–If no church will consider you now after the way the last congregation dismissed you, then start a ministry. Don’t sit around waiting on some established ministry to call you. Perhaps the Lord wants you to birth a church in your living room, to minister at the jail or serve as a chaplain somewhere. No one on earth can keep you from ministering in the name of Jesus, even if they are able to prevent you from getting a paid position with an established church.
–Many a pastor has found freedom in being bi-vocational–that is, having a full-time job during the week that pays the bills while pastoring a church at night and on weekends. In most cases, these churches are smaller than the larger, more impressive congregations. But not always. Even so, you would do well to get over having to have a full-time, paid position. Look for ways to carry out the calling God has given you.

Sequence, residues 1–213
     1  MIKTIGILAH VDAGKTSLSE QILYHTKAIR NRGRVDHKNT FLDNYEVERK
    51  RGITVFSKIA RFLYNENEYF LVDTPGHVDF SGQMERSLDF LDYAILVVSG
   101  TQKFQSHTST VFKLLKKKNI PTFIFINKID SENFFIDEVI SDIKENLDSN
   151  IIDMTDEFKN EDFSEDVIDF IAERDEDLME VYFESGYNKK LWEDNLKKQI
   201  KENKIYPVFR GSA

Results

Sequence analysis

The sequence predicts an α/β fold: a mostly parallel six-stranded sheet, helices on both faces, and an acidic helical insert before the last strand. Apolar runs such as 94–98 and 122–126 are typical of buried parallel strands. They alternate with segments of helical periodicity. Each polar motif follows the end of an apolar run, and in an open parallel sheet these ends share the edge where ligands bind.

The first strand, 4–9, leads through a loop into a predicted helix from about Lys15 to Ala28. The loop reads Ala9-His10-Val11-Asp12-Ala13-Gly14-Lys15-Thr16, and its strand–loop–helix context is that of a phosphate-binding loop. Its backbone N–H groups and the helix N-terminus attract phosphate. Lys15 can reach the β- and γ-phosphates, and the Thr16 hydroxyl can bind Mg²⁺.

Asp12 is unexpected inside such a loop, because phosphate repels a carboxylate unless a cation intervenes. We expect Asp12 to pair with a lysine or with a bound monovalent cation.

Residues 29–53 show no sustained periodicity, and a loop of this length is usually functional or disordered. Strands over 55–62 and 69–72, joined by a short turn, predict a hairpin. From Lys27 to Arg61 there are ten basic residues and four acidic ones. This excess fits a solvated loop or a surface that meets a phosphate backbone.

Paul told Timothy to “fulfill your ministry” (2 Timothy 4:5).
–Pray God will help you to get past the mistreatment at the hands of His people. No church wants an angry pastor. No search committee is interested in a preacher who is still licking his wounds from the last place he served. They’re looking for a healthy, loving pastor, and rightly so.
–Ask the Lord to use this suffering in your life to bring about good things. He specializes in that very thing. In some cases, you may end up pastoring another “normal” (you understand the term) congregation, so you would have the opportunity to teach them the proper care and support of the workers of the Lord.
–You are finally learning what it means to share the sufferings of Jesus. Do not miss this privilege, one not given to everyone. Let your sufferings be an offering of love to the One who redeemed you from sin and called you into His service. (See Philippians 3:10).
We must not quit. We have been given an incredible promise. “Be thou faithful unto death,” Jesus said, “and I will give you a crown of life” (Revelation 2:10).